Running with your four-legged friend is a great way to kill two fitness birds with one stone.
Your dog gets to run about spending bonding time with you and burning energy, and at the same time, you’re getting that crucial cardio in.
Ian Scarrott, a running coach and personal trainer at PureGym, says: ‘Like anything in life, exercise can become monotonous, so it is important to try new routes, vary types of sessions, time your run, and of course, if you have a pet that is able to run with you, make it more fun for them and you.
To help you get started, we’ve got some handy top tips from Ian and Emma Lee, a nutrition expert at Burns Pet Nutrition.
Think about your dog’s breed…
While it’s possible that any healthy dog can be trained to go for a run with you, there are some breeds you have to be careful with.
‘Caution must be taken with brachycephalic (flat-faced) breeds,’ says Emma. ‘These dogs often have problems with breathing and will struggle in the hotter weather as they are not able to cool down effectively.
‘Being able to lose heat is also going to be an issue for some of the double-coated or heavier-coated breeds such as Siberian Huskies.
‘Some breeds that are very prone to orthopaedic issues should also be treated with caution. Dachshunds for example are genetically prone to IVDD (disc disease) and a lot of larger breeds may be more predisposed to conditions such as hip dysplasia. ’
… And fitness levels
Just like people, Emma says dogs have varying fitness levels which might need to be built up over time.
‘You will also need to consider the terrain you are running your dog on,’ she adds.
‘Running is a high-impact sport so take care when running on firm ground. Also, be careful on uneven terrain. Dogs will be susceptible to similar types of skeletal and muscle injury that we are.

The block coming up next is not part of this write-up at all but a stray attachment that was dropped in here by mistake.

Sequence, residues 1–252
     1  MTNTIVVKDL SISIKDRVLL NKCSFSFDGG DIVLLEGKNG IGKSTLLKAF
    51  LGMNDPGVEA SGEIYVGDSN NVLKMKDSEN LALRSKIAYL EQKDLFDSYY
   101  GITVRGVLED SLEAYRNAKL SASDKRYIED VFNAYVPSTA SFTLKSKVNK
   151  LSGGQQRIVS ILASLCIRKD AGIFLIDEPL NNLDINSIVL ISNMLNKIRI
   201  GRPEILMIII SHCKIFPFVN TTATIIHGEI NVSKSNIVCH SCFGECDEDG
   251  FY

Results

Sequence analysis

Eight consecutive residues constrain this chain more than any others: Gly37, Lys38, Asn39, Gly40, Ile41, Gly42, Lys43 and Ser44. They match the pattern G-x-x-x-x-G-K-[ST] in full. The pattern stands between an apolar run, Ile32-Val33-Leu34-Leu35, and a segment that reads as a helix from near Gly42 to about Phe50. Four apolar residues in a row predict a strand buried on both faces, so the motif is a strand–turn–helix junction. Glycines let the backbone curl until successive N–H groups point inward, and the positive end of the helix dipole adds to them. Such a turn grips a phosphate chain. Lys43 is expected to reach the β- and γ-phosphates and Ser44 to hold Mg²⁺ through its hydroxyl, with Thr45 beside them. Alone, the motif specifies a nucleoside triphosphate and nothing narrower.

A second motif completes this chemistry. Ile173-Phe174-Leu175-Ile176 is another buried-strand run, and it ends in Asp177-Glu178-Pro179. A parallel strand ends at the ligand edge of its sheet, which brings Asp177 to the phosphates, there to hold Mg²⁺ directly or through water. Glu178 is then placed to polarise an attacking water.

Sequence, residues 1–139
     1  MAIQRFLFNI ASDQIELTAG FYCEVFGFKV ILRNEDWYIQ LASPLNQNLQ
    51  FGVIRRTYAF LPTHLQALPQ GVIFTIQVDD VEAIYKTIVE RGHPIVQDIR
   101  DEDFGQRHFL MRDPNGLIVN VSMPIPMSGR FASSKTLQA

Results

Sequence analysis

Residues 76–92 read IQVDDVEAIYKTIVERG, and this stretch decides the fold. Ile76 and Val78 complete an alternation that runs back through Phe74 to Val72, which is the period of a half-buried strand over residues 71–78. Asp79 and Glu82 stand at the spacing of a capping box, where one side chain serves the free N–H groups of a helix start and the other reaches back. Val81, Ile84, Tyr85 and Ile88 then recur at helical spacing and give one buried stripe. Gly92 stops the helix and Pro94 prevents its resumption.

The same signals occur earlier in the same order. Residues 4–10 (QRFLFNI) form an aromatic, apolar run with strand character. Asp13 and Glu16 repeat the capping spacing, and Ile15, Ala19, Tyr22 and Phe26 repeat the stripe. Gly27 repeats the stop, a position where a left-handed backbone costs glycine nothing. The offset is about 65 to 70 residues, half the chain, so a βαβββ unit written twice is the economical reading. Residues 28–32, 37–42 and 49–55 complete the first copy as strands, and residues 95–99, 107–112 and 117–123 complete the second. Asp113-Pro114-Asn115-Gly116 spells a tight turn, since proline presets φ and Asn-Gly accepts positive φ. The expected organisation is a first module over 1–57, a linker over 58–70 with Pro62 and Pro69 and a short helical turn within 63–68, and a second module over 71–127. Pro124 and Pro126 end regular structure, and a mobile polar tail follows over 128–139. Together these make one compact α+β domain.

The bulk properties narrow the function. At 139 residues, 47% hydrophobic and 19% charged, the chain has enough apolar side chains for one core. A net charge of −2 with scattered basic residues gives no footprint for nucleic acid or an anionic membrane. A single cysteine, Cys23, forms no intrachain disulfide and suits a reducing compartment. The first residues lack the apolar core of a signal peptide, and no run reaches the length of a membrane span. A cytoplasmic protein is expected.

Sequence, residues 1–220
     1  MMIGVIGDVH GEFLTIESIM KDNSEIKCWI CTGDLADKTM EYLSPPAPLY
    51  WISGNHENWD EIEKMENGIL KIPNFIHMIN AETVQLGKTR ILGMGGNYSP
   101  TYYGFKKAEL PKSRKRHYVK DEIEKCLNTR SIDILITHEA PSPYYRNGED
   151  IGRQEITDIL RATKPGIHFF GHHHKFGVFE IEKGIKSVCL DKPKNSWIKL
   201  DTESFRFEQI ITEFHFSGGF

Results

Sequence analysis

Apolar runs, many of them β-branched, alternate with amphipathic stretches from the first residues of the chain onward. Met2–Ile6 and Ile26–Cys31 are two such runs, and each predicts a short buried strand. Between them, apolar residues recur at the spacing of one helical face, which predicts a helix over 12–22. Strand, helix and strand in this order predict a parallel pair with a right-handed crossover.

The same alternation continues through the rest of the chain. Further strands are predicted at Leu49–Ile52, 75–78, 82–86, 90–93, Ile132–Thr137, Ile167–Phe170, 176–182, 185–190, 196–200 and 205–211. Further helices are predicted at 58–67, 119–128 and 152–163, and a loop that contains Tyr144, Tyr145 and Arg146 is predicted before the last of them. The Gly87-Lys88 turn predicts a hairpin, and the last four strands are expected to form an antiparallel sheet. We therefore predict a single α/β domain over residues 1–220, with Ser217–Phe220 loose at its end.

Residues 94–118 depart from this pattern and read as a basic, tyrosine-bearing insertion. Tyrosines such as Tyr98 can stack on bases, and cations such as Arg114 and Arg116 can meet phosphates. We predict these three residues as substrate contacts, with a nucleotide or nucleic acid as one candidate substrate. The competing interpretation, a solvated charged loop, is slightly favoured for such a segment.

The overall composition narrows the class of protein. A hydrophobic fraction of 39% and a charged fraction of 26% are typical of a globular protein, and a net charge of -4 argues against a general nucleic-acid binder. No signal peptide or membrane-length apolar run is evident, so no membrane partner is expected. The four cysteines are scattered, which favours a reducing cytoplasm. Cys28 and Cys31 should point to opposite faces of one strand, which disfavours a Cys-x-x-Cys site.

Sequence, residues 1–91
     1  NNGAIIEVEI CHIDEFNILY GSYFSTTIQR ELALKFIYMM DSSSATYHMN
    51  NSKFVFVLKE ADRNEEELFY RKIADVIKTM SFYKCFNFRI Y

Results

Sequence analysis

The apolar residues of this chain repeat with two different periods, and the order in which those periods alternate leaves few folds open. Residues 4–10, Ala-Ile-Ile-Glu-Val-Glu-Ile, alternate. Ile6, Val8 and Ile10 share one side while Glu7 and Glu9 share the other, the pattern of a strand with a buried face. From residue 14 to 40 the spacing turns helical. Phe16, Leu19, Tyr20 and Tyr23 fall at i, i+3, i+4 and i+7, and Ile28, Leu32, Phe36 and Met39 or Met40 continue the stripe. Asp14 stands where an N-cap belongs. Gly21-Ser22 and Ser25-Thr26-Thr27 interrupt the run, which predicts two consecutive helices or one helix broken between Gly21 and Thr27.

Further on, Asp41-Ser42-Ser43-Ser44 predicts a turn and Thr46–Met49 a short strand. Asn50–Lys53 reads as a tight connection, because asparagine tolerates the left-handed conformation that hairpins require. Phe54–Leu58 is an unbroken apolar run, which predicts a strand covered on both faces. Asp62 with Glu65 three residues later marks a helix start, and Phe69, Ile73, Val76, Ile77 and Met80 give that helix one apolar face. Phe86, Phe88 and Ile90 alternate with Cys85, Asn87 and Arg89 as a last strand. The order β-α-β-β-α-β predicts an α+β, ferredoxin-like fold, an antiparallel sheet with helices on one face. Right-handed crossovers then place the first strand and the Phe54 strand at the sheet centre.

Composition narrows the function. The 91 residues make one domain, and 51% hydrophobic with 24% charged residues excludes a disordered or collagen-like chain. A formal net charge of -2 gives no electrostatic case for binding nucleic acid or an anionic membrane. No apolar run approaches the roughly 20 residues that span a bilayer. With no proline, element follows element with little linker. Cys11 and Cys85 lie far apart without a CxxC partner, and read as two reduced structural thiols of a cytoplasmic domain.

‘Make sure you are observing your dog and watching for signs of pain or discomfort. It is also essential that you allow your dog time to warm up and cool down. There are many stretches and exercises that you can get your dog to do that will help with reducing the likelihood of injury.’
Ian says: ‘If your dog is a little fitter than you, find ways to creatively channel the energy to give them the workout they need whilst giving yourself a bit of a breather. For example, you could run to a park together and get some rest for yourself while keeping them active by playing a game of fetch.
‘It really depends on the breed you have, as well as their individual preferences, as to whether you feel this is appropriate. Some dogs may be more suited to intervals of short sharp bursts of speed, others may love a long-distance run.’
Get the right kit
Rather than having your hands tied up with holding a lead, Ian says you might want to think about getting one that can be securely fixed to your waist.
He explains: ‘You may want to try hands-free running where you are connected by a secure waist belt which means you are free to concentrate on the route. It also means your hands are free if you should take a tumble.
‘It can help to avoid being pulled around uncomfortably, especially at speed. ’
He also says you should ensure the harness you use is comfortable for your dog, and does not restrict their breathing.
‘Above all,’ he explains, ‘you want this to be a fun experience for you and your pet.’
Feed and water them at the right time and pace
Emma says you should feed your canine pal at least an hour before exercise – ideally earlier, so they’ve got enough time to digest it all.
‘We would recommend feeding two hours before and not feeding for two hours after,’ she explains. ‘If you try to feed your dog too much, or too close to active exercise this can lead to the risk of issues such as bloating.
‘Hydration is also important, particularly in warmer weather. A loss of just 7% of your dog’s body water can lead to severe dehydration and a 15% loss can be fatal.
‘It is important to remember not to let them drink too much in one go however, make sure they rehydrate steadily rather than drinking too much, too fast.’